Yet the textbook was, predictably, poorly received within the state. Though a small handful of schools agreed to pilot the use of the book, to positive review, the state textbook commission ultimately voted to reject the text for use in Mississippi classrooms. As explained in the seventh chapter, the Textbook Purchasing Board instead selected John Bettersworths Your Mississippi, which espoused conventional history and interpretations. Loewen and Sallis had long anticipated a legal challenge to the state, and the eighth chapter examines their lawsuit with scrupulous detail. The editors secured representation by Melvyn Leventhal of the NAACPs Legal Defense Fund. They secured plaintiffs that represented a broad spectrum of race, gender, and religion in suing the state to accept the book. When Loewen v. Turnispeed made it to federal court, which Eagles covers in the ninth chapter, both sides presented their cases in a trial that was a microcosm of the changing social and political moment in which one side sought to transform conventional politics and the other side sought to defend it. In a case that largely centered on the First Amendments application to textbook publication and adoption, Judge Orma Smith ruled in favor of the textbook revisionists, ruling that they were injured by the state as their rights of freedom of the press, free speech, and academic freedom were violated. A moral victory for scholars and educators interested in publishing and teaching revisionist history, the textbook went on to receive lackluster adoption across the state. The textbook lost, as Eagles contends, in the marketplace. The tenth and concluding chapter places the books in the larger context of the culture wars of later generations that were oftentimes negotiated through controversies over the adoption of national history standards.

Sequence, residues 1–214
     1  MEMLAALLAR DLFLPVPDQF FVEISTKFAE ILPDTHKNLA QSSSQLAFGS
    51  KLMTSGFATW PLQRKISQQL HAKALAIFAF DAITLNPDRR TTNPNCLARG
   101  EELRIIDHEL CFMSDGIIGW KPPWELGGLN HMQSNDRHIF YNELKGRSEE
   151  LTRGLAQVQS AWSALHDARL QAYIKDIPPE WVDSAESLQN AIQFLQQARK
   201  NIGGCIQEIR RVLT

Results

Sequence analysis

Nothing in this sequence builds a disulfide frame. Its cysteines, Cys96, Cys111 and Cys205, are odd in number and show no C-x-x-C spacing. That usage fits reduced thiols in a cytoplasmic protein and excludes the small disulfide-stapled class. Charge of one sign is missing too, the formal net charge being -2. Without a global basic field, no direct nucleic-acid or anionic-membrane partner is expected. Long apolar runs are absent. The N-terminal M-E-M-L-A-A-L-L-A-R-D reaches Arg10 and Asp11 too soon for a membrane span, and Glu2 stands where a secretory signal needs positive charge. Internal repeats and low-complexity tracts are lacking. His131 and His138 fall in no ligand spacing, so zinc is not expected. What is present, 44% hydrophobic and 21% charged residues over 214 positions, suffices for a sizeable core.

The use of sources in Civil Rights Culture Wars is exemplary as Charles Eagles expertly uses available primary sources from the Mississippi Department of Archives and History, the Mississippi State Textbook Publishing Board, and the National Archives and Records Administration. Through his personal connections to this history, which in no way jeopardize his objective vantage point, Eagles also utilizes the personal collections of both James Loewen and Charles Sallis. The use of sources demarcates this text as a definitive volume on a relatively obscure court case which is nevertheless integral to understanding the intersection of the civil rights movement and curricular history.
While the adroit use of archival sources is commendable, this sometimes leads to a verbose and oftentimes conventional, if not dense, historical analysis. The history of free textbook legislation in Mississippi, the summary of the major state history textbooks, and the background of each contributor to Mississippi: Conflict & Change, for instance, can be cumbersome to read. The summary of the disposition of each witness in the Loewen case at times obfuscates the more compelling meaning of the overarching narrative. A more thorough interpretation of the significance of textbook revisionism as a mode of resistance and its relation to other intellectual forms of activism, which Eagles points to in his conclusion, would provide necessary nuance and complexity to this definitive monograph.
It also seems that this history overlooks the active role of black educators in southern teacher associations, the NAACP, Carter G. Woodson and the Association for the Study of Negro Life and History, among many others, all of whom actively sought to revise the curriculum to address the racism and white supremacy perpetuated in southern textbooks. A longer history of black educators who sought to correct what Du Bois identified as the propaganda of history is largely missing. Loewen and Sallis are part of this longer tradition and, without delineating how this case builds upon it, Eagles inadvertently marginalizes black agency in the long freedom struggle, thereby unintentionally perpetuating the same pattern and practice of white-dominated history that Conflict & Change fought to transform.
The book provides an outstanding intertextual analysis of revisionist history aimed at broadening the critical interventions in curricular history. Civil Rights Culture Wars provides a definitive history of an instrumental court case that extended the protections of the First Amendment to critical scholars and educators interested in implementing a curriculum from an antiracist vantage point. As Eagles correctly posits, the Loewen case constituted a moral victory, which is a milestone in the longer struggle for an inclusive curriculum that we all must consider while shaping our own curriculum in an era of false moral equivalence.